What do you get when you cross the push email goodness of a BlackBerry with the touchscreen appeal of the iPhone? Research in Motion seems to have an answer to that rhetorical question in the form of the BlackBerry Storm. Shown here as the Storm 9530 from Telus Mobility, it’s the first touchscreen-equipped BlackBerry from RIM. Not surprisingly, it comes with its fair share of first generation woes, but it does usher in a new era for the world of CrackBerries.
Features and Specifications
Before we get down to the review itself, perhaps it would be apt to take a quick look at the features and specifications on this hot new smartphone. Be sure to check out the BlackBerry Storm unboxing video that I did last week if you want to see some first impressions and take a gander at what’s included with the phone.
Although the Storm 9530 is sold through CDMA-touting Telus Mobility in Canada, it’s actually a dual mode phone. While in your local area, the Storm will latch onto the Telus CDMA/EVDO network for all of your calling, texting, and data needs. If you find yourself outside of the country, you can pop a foreign SIM card in the back to gain access to GSM connectivity. Strangely, there is no Wi-Fi to be found, but you do get GPS and stereo Bluetooth.
Other features include the 3.25-inch HVGA “clicking” touchscreen display, microSD expansion slot, 624 MHz processor, 3.15 megapixel camera with flash and video, media player, 3.5mm audio jack, and the usual suite of BlackBerry apps, including push email and the Browser.
Using the On-Screen Keyboard
Unlike every other BlackBerry that came before it, the BlackBerry Storm 9530 does not have a physical keyboard at all. Instead, it completely relies on that clicking touchscreen. When you touch the touchscreen, it only highlights the item you touch. For example, touching an application icon will show you what app it is but will not load the program itself. To load the program, you “click” the screen inwards, almost giving the feel of a real button.
The same can be said about the on-screen virtual keyboard. While held in portrait mode, the keyboard shows up as either SureType or as a standard numeric keypad. For people upgrading from a Pearl, this is probably the more familiar experience. Turn the phone over to landscape mode, however, and you get a QWERTY keyboard. The cool thing is if you place your thumb on a “key”, it gets highlighted. This way, you can see if you are making mistakes before you make them, but this really slows down the typing.
In fact, I found that typing on the Storm quickly became an exercise in frustration. It could be because I very much prefer physical keyboards (though some say virtual keyboards are the wave of the future), but the touchscreen just wasn’t responsive enough. The tactile response of the clicking screen was nice, but the screen either has too much travel or it doesn’t click back up fast enough. A faster response or less travel may alleviate this issue, but it won’t fix my typos, particularly for web addresses and form entries.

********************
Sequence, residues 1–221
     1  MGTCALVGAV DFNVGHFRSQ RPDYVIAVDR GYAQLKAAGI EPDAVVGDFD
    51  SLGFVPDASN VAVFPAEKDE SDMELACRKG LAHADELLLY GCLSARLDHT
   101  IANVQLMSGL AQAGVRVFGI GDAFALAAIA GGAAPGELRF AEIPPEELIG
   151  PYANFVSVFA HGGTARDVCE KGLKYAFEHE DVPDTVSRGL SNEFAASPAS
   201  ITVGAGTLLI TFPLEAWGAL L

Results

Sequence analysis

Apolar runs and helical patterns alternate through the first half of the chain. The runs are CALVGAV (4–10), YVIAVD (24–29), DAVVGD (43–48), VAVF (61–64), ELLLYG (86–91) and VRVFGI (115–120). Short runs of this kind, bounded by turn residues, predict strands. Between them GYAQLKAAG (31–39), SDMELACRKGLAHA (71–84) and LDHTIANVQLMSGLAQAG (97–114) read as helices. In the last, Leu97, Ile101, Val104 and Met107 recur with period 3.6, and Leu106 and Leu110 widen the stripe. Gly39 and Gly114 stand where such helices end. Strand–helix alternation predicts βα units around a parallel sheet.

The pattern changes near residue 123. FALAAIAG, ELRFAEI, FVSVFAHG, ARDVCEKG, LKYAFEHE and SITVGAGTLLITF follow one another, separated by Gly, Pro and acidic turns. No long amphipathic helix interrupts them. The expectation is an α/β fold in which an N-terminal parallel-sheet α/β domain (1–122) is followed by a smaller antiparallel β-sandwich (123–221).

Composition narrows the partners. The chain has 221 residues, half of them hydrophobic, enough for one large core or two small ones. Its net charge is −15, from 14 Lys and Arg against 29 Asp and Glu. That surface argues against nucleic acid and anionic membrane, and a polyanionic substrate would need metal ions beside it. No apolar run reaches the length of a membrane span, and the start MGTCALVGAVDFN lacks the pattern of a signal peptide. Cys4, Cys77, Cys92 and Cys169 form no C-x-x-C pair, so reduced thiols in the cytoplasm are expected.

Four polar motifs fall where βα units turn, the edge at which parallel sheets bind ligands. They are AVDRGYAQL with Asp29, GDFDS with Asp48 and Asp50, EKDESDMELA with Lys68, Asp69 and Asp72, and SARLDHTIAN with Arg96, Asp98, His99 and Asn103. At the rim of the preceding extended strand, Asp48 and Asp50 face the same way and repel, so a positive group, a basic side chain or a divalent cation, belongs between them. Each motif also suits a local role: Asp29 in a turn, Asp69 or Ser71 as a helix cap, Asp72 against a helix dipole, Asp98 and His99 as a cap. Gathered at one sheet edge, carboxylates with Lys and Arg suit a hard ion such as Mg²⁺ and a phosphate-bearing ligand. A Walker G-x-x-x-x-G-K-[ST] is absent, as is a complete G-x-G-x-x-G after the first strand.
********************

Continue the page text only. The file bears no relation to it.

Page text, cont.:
Navigating Menus and the Internet
Some BlackBerry enthusiasts will load Opera Mini onto the Storm as soon as they get it, many others will continue to rely on the preloaded Browser. In either case, the online experience is pretty similar.
Scrolling through webpages with a swipe of the finger (like the iPhone) is a very gratifying experience, but the “clicking” of links was much more challenging. It was very inaccurate and would not register my clicks. I had to zoom in considerably before I achieved any acceptable level of accuracy and responsiveness.
The on-screen keyboard would appear at the right times, but there did not appear to be any quick-key or hot-kay to make it disappear. A simple hardware button (or on-screen equivalent) for this purpose would have been greatly appreciated. Perhaps the “mute” button at the top of the phone could have been used for this.
Trying to Be All Things to All People
The BlackBerry Storm 9530, shown here in its Telus Mobility guise but available through Bell and Verizon as well, really is trying to be all things to all people.
On the one hand, it’s trying to be hip and stylish to entice iPhone users to convert to the way of the Berry, but the interface is not nearly as sleek and intuitive as its Cupertino counterpart. On the other hand, diehard BlackBerry users may find the touchscreen to be more trouble than it is worth. The increased real estate is nice, but the virtual keyboard doesn’t cut the fast-firing ways of email junkies.
Research in Motion took a bold step (no pun intended) in creating the Storm. The clicking touchscreen is probably the best tactile feedback system I’ve seen to date. Vibration and sound just aren’t the same as a tactile click. That said, the Storm still needs some serious UI tweaks and an improved keyboard response in some way. It’ll add some bulk, but perhaps a BlackBerry Storm Slider could be the best solution for all parties involved. For now, I can’t recommend the Storm.
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